Kids Exposed to Bullying, Violence May Age Faster
Study Looks at Effects of Bullying, Violence on DNA
WebMD News Archive
Bullying Scars Run Deep continued...
"It is exciting to have this kind of window into what may be causing significant health problems that traumatized young people have as they grow up," Fornari says. "Chronic maltreatment may have deleterious effects on children's health, brain, and the way in which their brain functions. There is no good evidence to stay that this is reversible."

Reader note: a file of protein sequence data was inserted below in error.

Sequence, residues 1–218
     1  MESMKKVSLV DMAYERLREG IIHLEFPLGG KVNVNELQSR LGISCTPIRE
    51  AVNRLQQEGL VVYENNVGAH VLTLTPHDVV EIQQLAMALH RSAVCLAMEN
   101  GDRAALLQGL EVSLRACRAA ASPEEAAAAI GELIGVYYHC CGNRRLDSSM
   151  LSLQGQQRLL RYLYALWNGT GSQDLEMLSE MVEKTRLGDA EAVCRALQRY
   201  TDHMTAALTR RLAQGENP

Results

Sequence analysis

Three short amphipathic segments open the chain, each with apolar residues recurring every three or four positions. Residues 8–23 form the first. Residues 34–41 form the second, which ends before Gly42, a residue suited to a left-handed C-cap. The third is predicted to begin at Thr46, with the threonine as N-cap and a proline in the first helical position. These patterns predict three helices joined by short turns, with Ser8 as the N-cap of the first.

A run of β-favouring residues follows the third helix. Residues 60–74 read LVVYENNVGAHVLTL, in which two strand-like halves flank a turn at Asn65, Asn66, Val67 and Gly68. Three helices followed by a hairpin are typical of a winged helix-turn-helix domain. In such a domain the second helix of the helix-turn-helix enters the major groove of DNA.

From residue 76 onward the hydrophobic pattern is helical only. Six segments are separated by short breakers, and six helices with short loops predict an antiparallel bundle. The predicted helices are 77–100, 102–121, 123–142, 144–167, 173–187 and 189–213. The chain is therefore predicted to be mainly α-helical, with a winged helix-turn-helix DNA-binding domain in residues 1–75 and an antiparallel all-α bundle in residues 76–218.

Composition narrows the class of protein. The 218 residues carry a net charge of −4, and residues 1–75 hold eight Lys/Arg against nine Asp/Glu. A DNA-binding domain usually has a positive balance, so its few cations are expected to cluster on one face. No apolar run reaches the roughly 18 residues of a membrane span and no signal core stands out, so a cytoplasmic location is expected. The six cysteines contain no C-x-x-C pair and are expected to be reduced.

"It's possible, and likely, that faster telomere shortening in childhood could put us on a more rapid trajectory of aging and early onset of disease as adults," says Elissa Epel, PhD, in an email. She is the AME Laboratory director at the University of California, San Francisco. "The residue of childhood trauma may even manifest decades later, in adults. Now we have some evidence that indeed children's immune system aging can be adversely affected by severe stress early in childhood, a scar that could possibly last decades later. This study underscores the vital importance of reducing violent exposures for children -- both serious bullying and abuse in the family."